The winner will receive a $500.00 prize from Gale Cengage Learning and up to $1,000 for expenses associated with attendance at the AALL Annual Meeting. The winner and runner-up will have the opportunity to publish their essays in LH&RB’s online scholarly journal Unbound: An Annual Review of Legal History and Rare Books.

The entry form and instructions are available at the LH&RB website:

Entries must be submitted by 11:59 p.m., 18 April 2016 (EST).

Call for Papers: British Crime Historians Symposium 5

7-8 October 2016
University of Edinburgh

The British Crime Historians Symposium meets every two years as a forum for discussion, debate and the presentation of research for all aspects of the history of crime, law, justice, policing, punishment and social regulation.

Previous events (organised by the British Crime Historians Network) have taken place in Leeds, Sheffield, Milton Keynes (Open University) and Liverpool.

Our initial starting point, as in former years, is the British Isles and its former colonies. However we particularly encourage approaches that open up and develop comparative and transnational frameworks across period and place.

This year’s conference particularly welcomes proposals that engage with the following:

• Interdisciplinary perspectives
• Comparative, international and transnational histories
• The relationship between past and present

Confirmed Keynotes Speakers are: Professor David Garland (New York University) and Dr Julia Laite (Birkbeck, University of London)

We welcome proposals for individual papers as well as panels, which should be emailed as an attached Word document to by 31 March 2016.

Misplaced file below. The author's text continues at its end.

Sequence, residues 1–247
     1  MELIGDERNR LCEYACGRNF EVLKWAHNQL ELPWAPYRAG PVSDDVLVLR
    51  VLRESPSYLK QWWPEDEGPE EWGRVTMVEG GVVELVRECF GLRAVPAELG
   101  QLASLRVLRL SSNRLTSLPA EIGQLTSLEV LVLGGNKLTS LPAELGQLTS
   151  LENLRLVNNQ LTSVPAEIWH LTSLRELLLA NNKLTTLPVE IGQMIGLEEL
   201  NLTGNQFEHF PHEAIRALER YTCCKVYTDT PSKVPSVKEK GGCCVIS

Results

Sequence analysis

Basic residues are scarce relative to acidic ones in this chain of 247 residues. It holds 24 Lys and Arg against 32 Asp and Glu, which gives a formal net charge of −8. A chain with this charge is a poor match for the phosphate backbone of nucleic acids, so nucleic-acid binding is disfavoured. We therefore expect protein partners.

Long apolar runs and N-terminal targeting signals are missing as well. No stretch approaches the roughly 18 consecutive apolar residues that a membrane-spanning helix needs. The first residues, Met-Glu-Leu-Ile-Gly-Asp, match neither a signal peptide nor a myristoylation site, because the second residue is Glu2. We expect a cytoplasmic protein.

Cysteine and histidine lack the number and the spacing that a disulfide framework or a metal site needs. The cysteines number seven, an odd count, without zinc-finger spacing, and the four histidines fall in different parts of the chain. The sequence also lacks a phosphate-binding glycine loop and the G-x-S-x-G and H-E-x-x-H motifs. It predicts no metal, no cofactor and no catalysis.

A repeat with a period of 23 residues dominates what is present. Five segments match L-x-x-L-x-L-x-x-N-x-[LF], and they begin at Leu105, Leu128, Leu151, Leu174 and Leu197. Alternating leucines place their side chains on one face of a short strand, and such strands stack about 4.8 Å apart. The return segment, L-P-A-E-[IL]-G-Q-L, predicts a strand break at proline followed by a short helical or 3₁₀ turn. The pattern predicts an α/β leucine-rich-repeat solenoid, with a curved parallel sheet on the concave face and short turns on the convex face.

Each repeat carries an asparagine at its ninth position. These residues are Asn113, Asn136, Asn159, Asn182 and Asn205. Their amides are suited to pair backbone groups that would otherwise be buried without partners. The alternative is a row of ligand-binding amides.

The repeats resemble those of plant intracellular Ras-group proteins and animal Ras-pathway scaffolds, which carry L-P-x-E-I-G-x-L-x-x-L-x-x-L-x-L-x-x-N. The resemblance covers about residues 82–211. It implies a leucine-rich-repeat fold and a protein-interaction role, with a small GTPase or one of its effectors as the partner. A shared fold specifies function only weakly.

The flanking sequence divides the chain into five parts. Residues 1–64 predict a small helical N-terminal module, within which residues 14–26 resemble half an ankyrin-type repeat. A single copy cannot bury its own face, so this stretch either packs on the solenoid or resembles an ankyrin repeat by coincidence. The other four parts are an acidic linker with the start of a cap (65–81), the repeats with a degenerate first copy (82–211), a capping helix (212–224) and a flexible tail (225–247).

Each speaker whose proposal for a paper is accepted will be asked to speak for 20 minutes (to allow further time for questions and discussion). A panel should consist of three papers which together address an over-­‐arching theme or topic. We welcome proposals from scholars at all stages of their career including postgraduate students, and we encourage panel organisers to reflect this in any panel proposals.

For each individual paper proposed please include: title of paper; name, institutional affiliation (if any) and email address of speaker; abstract of 250 words.

Proposals for panels should also include: name, institutional affiliation (if any) and email address of the panel organiser; title of panel; summary of aims of panel (150 words); name of panel chair if known (if not included in the proposal a chair will be allocated by the conference committee); and full details of all papers and speakers (as for individual papers above).

The Conference Committee is: Chloe Kennedy (School of Law, University of Edinburgh); Louise Jackson, David Silkenat and Rian Sutton (School of History Classics & Archaeology, University of Edinburgh).

Any queries should be addressed to:



Alan Rodger Postgraduate Visiting Researcher

The University of Glasgow School of Law invites applications from PhD students in Roman law/legal history for the post of Postgraduate Visiting Researcher, to be held during the 2016/17 academic year. The selected candidate will spend a term in Glasgow and receive a £2,000 award for support. The deadline for applications is 15 January 2016. Full details are available at

The post was established in memory of Lord Rodger of Earlsferry (1944-2011), Justice of the Supreme Court of the United Kingdom, and scholar of Roman law and legal history.